If you’re an excellent judge of character, you take notice of how people deal with their insecurities and whether they use humor as a coping mechanism.
Do they make self-deprecating jokes, laughing at their own wounds? Do they make mocking remarks about others just to feel better about themselves?
Is humor something they use to have fun – or a way to cover up what’s going on underneath?
5) People-pleasing tendencies
Since people-pleasing is also grounded in low self-esteem, it’s naturally the next thing you recognize when speaking to someone.
“Oh, I’m really sorry, I forgot! So very sorry!”
“Would you like me to help? Are you sure? Are you sure sure?”
Some people pleasers are more obvious than others, but a good judge of character usually doesn’t struggle to note the little things that give people away.
Remember the scene in Friends where Rachel tells Phoebe she’s not a pushover, only to agree to go eat anywhere Monica chooses?
That’s a prime example of Phoebe – a great judge of character – noticing the little things about Rachel’s people-pleasing personality.
6) Fake niceness
When you can tell someone’s personality just from a few interactions with them, it gives you a great advantage in life – people can’t win you over easily.
Especially if they’re faking niceness.
“Oh, I haven’t seen you in ages, I’ve missed you so much!” a colleague says as she hugs you (you met a week ago for the very first time). “So, any news I should know about?” she raises her eyebrows mischievously.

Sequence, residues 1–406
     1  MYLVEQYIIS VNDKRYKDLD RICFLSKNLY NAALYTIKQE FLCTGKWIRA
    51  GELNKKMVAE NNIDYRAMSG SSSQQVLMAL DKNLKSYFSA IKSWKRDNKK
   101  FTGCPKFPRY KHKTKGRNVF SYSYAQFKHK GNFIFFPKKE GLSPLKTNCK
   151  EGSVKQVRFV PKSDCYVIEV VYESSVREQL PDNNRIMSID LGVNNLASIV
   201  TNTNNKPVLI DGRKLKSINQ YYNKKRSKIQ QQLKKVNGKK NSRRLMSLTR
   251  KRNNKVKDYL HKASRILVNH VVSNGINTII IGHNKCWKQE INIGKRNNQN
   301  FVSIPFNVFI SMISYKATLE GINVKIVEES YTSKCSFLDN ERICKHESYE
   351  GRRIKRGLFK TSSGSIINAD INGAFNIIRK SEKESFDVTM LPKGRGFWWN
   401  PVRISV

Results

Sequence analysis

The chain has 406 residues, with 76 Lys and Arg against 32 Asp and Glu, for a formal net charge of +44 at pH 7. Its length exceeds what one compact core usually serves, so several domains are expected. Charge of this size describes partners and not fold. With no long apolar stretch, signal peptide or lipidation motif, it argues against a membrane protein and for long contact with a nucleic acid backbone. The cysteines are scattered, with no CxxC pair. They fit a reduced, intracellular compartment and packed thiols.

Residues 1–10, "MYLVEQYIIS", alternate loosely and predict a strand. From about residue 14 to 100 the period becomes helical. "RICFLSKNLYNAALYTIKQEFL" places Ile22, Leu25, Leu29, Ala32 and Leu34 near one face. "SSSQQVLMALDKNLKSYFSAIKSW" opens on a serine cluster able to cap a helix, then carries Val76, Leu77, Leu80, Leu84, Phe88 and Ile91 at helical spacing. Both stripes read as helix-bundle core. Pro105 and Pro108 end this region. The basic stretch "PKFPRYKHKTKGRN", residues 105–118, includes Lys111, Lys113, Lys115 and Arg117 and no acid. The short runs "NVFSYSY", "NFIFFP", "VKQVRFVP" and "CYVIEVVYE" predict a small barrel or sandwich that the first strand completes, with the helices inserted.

Ugh. You easily see through the pretense. Fake nice people usually want something from you, and the front they put up to “lure you in” doesn’t work on you.
As a result, you know when to keep your distance.
7) Arrogant undertones
Surprisingly, arrogance is a trait many people don’t detect.
This is because it can be masterfully covered up by charisma.
“Ah, he’s just such a charming young man!”
But you know better.
You’ve seen the way he speaks to people who aren’t as educated as him; you’ve heard him go on tangents that sound more impressive in his head than in reality; you can tell that when confronted with his own lack of knowledge, he’ll laugh it off or pretend he knows what you’re talking about.
It’s all in the undertones of a person’s energy, in their willingness (or lack thereof) to learn from others, and in the way they like the sound of their own voice.
8) Conversational style
Last but not least, a good judge of character can tell what you’re all about if they just listen to you speak for an hour.
What topics do you tend to bring up time and again? Do you prefer to talk about others or yourself? Are you one for gossip, do you like to give long philosophical speeches, do you ask a lot of questions?
These things say more about you who you are than you might realize.
For instance, obsessing over academic grades shows anxious tendencies when it comes to getting external validation through accomplishments while giving long speeches without asking any questions demonstrates you’re quite self-centered.
Active listening, on the other hand, shows you’re genuinely interested in the world around you. And a good judge of character is aware of that.
Now that our journey has come to an end, what’s your answer? Are you a good judge of character?
Yes? Congratulations! You have a secret superpower that’ll help you navigate the world more easily.
No? Don’t worry! These skills can be picked up over time as you read about human behavior and look at the people around you with a more analytical eye.
But if there’s one thing you ought to focus on, it’s to stop disregarding your gut instinct. It’s right more often than you think.